On the road where two of Karachi's tallest skyscrapers—the 26-storied Muslim Commercial Bank Towers and the 23-storied Habib Bank Plaza—are situated, adjoining the imposing headquarters of the city's police department and Pakistan's apex monetary authority, is a building that could pass off as a nondescript office. Except that this yellowish eight-floors-tall structure houses one of the fastest growing stock exchanges in the world. Every year, between 2002 and 2005, the Karachi stock exchange was adjudged the "best performing" market in the world in several surveys by internationally-reputed publications and agencies like Business Week and Bloomberg.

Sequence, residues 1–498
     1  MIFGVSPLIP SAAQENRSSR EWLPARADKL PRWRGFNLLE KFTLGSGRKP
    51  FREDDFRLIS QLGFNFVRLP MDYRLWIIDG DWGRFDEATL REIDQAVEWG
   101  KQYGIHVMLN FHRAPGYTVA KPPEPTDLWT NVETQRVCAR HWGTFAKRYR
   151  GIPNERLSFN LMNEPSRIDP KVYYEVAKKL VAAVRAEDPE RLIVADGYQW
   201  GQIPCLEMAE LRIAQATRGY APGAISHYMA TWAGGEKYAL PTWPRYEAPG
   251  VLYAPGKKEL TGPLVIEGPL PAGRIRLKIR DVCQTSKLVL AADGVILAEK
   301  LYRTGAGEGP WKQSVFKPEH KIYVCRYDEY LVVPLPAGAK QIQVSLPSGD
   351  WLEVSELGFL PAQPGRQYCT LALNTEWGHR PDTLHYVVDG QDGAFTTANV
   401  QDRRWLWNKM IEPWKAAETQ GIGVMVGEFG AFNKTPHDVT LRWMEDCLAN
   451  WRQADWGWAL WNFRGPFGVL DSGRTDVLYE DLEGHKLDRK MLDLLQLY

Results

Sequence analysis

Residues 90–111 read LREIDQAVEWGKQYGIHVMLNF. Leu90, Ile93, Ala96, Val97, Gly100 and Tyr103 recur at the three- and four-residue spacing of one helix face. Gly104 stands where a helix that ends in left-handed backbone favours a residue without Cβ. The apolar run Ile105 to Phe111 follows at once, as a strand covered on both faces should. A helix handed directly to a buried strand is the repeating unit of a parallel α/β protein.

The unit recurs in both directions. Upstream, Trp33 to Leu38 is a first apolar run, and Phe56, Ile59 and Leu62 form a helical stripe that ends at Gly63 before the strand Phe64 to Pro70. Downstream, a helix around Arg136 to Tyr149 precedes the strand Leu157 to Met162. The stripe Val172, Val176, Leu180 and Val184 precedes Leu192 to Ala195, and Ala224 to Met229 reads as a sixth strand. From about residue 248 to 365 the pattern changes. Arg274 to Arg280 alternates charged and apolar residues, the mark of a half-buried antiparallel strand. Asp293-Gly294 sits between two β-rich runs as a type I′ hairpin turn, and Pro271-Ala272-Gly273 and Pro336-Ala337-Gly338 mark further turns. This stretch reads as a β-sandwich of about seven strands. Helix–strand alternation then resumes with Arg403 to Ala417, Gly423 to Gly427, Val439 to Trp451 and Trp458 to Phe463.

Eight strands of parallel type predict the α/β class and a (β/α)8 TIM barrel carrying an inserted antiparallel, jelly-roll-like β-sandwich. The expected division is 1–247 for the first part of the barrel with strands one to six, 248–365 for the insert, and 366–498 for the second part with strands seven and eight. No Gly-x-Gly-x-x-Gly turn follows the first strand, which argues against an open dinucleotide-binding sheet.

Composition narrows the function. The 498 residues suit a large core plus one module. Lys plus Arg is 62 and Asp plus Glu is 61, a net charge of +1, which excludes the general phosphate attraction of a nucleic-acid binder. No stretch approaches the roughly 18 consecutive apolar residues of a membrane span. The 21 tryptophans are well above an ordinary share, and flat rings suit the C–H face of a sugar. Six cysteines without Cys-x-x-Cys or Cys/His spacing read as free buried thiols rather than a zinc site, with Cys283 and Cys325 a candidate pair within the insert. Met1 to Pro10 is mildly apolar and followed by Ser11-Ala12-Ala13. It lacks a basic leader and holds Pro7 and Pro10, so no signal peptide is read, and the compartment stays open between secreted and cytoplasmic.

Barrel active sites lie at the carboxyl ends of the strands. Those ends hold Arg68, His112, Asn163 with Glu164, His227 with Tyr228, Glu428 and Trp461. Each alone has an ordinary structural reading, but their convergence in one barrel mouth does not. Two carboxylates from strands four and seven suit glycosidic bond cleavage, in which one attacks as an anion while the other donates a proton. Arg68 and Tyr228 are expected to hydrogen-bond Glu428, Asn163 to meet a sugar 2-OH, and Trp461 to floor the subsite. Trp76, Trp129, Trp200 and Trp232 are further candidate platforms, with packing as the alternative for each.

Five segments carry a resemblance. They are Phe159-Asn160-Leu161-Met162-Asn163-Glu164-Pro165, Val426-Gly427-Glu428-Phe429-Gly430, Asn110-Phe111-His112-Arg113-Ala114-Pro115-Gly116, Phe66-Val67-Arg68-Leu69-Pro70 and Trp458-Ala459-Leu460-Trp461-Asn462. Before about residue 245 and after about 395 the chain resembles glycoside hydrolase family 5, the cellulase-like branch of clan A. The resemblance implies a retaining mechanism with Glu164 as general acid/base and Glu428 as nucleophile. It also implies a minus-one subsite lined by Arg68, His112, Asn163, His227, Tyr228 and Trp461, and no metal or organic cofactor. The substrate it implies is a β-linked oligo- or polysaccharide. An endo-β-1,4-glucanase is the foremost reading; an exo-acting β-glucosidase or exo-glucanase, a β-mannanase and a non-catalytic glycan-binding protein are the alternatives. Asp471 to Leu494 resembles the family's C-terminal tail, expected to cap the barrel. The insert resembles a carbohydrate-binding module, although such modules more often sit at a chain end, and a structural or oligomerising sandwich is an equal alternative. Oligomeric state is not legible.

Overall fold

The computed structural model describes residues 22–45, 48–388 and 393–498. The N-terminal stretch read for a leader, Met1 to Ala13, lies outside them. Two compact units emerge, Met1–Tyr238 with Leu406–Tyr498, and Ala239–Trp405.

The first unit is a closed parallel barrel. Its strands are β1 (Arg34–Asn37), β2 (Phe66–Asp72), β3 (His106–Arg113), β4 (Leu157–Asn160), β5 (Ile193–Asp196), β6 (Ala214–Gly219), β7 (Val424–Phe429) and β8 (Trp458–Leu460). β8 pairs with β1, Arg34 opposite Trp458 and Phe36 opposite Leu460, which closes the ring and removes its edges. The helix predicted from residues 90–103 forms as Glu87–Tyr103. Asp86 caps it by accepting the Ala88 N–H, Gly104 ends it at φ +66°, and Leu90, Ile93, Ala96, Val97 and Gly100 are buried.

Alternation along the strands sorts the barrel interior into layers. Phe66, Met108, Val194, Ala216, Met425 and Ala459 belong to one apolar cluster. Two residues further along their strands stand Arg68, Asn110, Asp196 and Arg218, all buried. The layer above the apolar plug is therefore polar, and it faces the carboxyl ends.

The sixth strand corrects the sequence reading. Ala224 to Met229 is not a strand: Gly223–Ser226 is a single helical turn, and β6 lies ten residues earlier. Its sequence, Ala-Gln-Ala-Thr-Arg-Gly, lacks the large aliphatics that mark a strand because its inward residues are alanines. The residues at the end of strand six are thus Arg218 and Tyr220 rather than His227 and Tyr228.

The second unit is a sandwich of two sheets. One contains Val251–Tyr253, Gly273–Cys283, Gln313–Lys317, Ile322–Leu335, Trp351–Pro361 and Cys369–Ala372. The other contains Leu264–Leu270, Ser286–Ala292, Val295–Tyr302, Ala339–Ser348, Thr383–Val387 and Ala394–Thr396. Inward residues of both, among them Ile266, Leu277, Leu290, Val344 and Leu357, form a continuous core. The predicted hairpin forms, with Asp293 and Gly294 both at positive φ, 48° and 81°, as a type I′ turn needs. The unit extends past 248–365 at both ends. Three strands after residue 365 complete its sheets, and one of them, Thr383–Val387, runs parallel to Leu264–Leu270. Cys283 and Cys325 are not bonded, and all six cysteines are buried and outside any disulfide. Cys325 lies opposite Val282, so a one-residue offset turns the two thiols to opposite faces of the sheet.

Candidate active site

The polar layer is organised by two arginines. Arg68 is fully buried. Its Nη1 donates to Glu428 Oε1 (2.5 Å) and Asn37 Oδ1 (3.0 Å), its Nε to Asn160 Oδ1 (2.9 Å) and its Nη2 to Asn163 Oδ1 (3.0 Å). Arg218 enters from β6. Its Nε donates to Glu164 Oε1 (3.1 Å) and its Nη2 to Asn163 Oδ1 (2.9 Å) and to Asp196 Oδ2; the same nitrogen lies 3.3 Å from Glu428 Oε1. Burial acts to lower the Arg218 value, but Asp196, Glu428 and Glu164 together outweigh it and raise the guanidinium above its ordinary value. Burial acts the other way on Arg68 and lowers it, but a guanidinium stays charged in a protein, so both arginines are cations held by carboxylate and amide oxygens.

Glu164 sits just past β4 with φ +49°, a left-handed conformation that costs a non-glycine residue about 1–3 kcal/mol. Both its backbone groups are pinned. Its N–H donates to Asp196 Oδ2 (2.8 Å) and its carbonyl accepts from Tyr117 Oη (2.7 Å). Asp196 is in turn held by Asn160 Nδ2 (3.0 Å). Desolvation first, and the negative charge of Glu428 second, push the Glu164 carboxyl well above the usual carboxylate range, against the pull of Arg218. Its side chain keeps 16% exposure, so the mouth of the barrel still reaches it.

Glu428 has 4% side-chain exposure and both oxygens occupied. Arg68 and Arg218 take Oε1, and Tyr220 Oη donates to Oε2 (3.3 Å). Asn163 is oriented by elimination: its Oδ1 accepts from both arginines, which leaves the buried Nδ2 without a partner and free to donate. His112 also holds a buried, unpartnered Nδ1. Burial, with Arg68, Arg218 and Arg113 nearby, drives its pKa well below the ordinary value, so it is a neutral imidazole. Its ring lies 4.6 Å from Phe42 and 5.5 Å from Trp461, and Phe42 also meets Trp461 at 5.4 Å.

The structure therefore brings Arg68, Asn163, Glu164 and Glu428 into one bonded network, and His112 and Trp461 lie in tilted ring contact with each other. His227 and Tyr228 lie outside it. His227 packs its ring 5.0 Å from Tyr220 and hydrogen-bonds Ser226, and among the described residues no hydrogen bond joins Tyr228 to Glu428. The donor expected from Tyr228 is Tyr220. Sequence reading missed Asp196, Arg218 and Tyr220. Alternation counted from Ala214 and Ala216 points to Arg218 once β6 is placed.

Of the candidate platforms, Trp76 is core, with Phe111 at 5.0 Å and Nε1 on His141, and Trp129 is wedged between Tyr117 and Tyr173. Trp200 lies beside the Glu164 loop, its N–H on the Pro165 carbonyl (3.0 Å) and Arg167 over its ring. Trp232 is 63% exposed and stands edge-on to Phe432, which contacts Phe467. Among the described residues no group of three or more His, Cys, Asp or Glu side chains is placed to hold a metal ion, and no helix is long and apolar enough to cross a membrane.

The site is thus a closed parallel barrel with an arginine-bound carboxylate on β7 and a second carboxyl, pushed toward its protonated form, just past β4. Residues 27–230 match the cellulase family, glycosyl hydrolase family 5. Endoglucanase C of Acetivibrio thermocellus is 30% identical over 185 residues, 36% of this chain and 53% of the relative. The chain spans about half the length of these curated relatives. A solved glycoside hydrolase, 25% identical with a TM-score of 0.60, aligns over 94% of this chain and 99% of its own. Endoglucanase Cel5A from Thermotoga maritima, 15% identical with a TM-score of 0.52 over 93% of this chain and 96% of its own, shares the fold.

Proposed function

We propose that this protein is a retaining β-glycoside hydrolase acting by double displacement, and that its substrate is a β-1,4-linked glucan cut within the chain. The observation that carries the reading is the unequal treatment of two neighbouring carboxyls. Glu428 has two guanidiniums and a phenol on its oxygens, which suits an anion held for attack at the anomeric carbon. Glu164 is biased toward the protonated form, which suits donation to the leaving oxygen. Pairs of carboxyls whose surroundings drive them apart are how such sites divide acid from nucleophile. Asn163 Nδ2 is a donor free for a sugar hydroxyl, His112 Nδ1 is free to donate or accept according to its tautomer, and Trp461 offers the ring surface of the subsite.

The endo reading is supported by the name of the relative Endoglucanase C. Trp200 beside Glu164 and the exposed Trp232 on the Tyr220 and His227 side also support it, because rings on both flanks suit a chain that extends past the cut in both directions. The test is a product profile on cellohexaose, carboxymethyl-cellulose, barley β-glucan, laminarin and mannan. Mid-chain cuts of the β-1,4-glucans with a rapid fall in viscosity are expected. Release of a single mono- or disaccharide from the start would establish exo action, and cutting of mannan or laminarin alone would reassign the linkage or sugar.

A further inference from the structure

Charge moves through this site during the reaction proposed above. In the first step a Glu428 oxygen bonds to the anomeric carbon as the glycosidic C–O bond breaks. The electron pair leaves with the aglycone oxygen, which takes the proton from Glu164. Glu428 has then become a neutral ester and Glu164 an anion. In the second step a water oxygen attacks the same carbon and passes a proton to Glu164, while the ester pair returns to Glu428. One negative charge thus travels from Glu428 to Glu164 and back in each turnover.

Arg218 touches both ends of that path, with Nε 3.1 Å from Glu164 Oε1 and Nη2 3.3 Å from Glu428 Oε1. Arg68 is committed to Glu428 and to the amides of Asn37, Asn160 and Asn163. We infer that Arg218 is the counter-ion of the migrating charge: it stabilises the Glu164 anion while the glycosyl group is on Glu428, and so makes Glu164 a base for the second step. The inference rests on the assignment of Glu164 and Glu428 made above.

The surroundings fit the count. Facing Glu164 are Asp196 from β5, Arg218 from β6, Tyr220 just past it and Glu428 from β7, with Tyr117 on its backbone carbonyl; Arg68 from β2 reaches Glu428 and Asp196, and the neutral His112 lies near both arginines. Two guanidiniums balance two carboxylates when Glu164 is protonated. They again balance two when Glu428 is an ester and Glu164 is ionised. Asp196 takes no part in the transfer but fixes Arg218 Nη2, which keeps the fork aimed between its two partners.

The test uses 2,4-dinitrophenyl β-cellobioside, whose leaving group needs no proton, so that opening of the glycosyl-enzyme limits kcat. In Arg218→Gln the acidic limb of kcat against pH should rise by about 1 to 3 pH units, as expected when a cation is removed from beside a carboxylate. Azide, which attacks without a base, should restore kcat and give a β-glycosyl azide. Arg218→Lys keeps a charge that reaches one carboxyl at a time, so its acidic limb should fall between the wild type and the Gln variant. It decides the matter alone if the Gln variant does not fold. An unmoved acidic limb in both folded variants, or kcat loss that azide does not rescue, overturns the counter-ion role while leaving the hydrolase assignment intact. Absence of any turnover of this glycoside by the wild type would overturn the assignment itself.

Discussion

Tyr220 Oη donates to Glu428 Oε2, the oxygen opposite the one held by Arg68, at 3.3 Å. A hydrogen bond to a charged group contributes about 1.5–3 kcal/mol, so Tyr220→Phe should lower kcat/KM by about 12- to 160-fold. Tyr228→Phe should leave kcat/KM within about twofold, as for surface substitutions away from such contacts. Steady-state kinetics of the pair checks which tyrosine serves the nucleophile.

But the Karachi Stock Exchange (Guarantee) Ltd—to use the full, formal name of Pakistan's largest bourse—may lose its numero uno place in the current calendar year. As has happened in most emerging markets, including India, share indices at the KSE took a beating in recent months after touching a peak on April 17, 2006. On June 14, the KSE's 100-share index collapsed by 548 points, the biggest-ever single-day fall in the history of the exchange; newspapers described it as "doomsday" after the index fell to a level that had prevailed on December 30, 2005, wiping out nearly a year's gains. In three days in mid-June, the index crashed by over 10 per cent resulting in a loss of $16 billion in market capitalisation.